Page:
Childhood Cancer Stories Are Shared
September is Childhood Cancer Awareness month. The word “cancer” is one that no one ever wants to hear describe a loved one, especially when it describes their own child. Unfortunately, it seems as if the diagnosis of cancer is becoming more and more prevalent, or maybe perhaps it is just the rise in social media that makes it seem that way. Whatever the case, there are many local families that are currently battling this evil disease. Here are their stories, in their own words . . .
Lynea Kasler is a Tyler County native who attended Tyler Consolidated High School. She currently resides in Columbus, Ohio, with her two daughters. Lynea’s daughter Elody is currently fighting acute lymphoblastic leukemia. Kasler wrote:
Childhood cancer – little bald heads, baby’s first scar, hospital rooms, and pain. It’s one of those subjects that makes people shudder and cover their ears so they don’t have to listen. It’s easier to look away than to face the number one disease killer of our children.
I think of it this way. There is a “class” of 46 children being taken hostage. The attacker will wound every single one. And seven of the children will die. What if that happened every day? It does. And my child is in one of those “classrooms”. Elody Grace was diagnosed with Acute lymphoblastic leukemia in April of 2014. She has been through so much and most recently she got a blood infection and was hospitalized for two weeks. Because the infection was resistant to antibiotics, it settled in her calf muscle and she has had to learn to walk again for the THIRD time and is currently is physical therapy. She will not finish treatment until the end of 2016. These are real children in real danger, but the research is being funded by their parents. Communities (and even government) turn away because it’s “too painful” to watch. Pharmaceutical companies ignore childhood cancer because it’s not “profitable”. Our children are dying. Please don’t turn a blind eye. Wouldn’t it be better to have better cure rates, and less harsh treatments (children are often given adult chemotherapy which can cause lifetime side effects) before a child YOU love is diagnosed?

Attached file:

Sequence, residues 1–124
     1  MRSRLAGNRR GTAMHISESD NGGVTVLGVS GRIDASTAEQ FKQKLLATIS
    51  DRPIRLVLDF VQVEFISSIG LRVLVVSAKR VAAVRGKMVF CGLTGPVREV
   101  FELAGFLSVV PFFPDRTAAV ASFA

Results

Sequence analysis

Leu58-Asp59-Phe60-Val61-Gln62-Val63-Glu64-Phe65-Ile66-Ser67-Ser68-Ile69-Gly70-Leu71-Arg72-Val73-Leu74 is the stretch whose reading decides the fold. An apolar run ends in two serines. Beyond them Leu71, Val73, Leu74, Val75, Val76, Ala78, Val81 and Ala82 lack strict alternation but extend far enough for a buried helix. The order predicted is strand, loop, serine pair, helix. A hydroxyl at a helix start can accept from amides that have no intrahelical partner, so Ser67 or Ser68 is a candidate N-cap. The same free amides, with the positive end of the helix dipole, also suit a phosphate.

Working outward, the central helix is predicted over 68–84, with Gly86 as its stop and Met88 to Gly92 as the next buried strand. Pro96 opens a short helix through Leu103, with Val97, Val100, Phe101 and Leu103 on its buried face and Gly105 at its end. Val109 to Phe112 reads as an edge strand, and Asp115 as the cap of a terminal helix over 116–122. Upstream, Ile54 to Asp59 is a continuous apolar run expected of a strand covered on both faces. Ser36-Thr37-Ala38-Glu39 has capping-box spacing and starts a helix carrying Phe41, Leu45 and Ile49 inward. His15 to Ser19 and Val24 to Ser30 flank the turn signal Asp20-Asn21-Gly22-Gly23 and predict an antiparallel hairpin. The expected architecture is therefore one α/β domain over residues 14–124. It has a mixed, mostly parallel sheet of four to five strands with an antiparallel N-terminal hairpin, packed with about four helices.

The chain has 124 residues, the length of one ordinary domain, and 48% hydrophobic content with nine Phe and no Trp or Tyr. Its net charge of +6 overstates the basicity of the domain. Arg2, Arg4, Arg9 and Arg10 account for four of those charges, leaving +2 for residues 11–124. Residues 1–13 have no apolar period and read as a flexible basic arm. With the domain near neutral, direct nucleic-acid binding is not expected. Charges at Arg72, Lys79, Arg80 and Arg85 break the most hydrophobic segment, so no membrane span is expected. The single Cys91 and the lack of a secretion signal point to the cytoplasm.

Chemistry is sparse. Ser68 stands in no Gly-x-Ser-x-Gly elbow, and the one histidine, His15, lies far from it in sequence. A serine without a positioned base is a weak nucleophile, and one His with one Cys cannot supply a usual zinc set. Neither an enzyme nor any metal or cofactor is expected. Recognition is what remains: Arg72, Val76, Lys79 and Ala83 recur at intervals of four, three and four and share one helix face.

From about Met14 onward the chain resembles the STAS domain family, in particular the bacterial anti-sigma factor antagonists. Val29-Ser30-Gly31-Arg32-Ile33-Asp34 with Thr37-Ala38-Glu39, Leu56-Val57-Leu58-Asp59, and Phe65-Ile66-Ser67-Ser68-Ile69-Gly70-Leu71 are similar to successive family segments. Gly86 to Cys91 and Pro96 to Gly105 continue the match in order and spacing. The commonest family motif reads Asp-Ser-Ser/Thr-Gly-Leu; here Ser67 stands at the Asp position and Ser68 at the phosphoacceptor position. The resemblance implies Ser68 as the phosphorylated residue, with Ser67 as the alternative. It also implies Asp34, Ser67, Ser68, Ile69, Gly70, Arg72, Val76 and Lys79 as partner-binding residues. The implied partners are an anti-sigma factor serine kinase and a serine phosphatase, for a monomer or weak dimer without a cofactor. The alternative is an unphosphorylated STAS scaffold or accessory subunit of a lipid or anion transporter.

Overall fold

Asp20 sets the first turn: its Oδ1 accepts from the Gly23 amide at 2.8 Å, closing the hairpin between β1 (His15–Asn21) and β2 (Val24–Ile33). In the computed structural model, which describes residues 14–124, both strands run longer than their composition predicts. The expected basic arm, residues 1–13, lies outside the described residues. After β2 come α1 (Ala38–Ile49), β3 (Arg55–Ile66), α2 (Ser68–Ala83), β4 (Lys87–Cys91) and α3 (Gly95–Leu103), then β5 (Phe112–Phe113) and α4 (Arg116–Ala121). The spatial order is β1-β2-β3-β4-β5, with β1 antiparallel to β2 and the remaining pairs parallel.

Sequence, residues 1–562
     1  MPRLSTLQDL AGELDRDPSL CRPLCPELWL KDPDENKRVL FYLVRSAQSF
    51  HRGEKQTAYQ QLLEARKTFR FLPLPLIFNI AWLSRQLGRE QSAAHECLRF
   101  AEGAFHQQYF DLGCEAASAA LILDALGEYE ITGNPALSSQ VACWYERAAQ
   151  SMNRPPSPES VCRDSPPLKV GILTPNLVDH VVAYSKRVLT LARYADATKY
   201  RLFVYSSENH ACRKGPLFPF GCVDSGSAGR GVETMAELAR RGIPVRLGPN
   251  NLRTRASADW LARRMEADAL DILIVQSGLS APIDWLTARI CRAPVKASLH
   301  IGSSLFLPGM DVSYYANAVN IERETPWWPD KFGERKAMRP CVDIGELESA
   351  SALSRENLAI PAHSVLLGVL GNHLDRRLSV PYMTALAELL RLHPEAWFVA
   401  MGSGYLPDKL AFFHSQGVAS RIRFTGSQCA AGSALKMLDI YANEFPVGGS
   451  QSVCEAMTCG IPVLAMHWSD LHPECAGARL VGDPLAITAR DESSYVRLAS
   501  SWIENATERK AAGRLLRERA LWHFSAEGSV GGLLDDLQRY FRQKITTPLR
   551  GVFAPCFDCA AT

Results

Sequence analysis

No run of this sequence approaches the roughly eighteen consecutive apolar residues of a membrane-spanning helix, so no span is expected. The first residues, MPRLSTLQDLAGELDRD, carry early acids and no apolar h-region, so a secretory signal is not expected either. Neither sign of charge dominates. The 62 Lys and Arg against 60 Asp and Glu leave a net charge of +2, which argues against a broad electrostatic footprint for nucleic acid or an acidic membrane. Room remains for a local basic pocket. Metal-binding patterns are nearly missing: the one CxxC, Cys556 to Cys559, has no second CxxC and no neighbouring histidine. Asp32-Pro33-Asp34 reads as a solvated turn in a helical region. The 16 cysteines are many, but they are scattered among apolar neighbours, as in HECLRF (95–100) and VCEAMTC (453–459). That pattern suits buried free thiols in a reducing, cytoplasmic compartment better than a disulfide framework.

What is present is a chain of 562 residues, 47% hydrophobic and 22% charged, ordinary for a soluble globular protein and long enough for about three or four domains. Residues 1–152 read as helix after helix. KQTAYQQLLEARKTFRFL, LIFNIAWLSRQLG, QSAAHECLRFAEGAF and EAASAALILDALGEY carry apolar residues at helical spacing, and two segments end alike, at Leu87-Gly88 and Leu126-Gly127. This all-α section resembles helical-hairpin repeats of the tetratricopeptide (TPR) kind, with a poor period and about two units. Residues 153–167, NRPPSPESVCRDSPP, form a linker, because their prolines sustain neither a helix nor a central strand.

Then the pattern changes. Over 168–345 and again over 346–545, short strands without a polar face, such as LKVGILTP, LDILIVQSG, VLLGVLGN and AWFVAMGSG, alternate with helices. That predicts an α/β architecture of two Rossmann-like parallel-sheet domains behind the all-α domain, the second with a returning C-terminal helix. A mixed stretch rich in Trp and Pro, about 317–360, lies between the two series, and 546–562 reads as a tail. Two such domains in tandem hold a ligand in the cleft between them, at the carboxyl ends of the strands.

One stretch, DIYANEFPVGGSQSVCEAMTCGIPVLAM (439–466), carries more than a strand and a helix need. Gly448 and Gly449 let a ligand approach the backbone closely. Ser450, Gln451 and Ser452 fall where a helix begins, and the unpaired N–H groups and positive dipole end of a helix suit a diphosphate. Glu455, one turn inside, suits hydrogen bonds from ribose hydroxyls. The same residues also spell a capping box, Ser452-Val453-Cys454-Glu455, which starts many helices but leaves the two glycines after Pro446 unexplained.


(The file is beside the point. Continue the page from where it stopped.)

Be an advocate. September is childhood cancer awareness month.
The Yow family resides in New Martinsville, W.Va. Below, Abi Yow describes the family’s journey through Bentley’s battle with Neuroblastoma.
Bentley was diagnosed with a rare form of childhood cancer, called Neuroblastoma, on June 26, 2014. That day forever changed our lives and everyone’s around us. Bentley completed eight rounds of chemo that also included tons of hospital stays for fevers and infection. Cancer is an awful disease and the treatment for it is harsh with even harsher side effects. It was traumatizing for us to watch our child go through that, but it was just as traumatizing for our other boys to watch. Every time Bentley is sick they ask if he’s relapsed, and just recently our middle son had to have a procedure done. He cried the whole way to Morgantown because in his mind he had cancer too. The fear of relapse is very real and every fever or bruise sends us into a state of panic. Bentley’s immune system still fluctuates and has us isolating to our house at times. Bentley’s diagnosis will follow him forever. The side effects of the chemo leave him vulnerable to chronic health problems and also leave him with a much higher risk of secondary cancers.
We have been beyond amazed at our small community and all they have done for us.
We could have never made it through all of this without them. The many benefits and fundraisers saved us. With kids at home and Bentley in the hospital, I was only able to work just enough to keep our health benefits active. Our small community came together and was our protection in the storm. We will forever be grateful for that. Bentley is our superhero and showed us our unreal strength!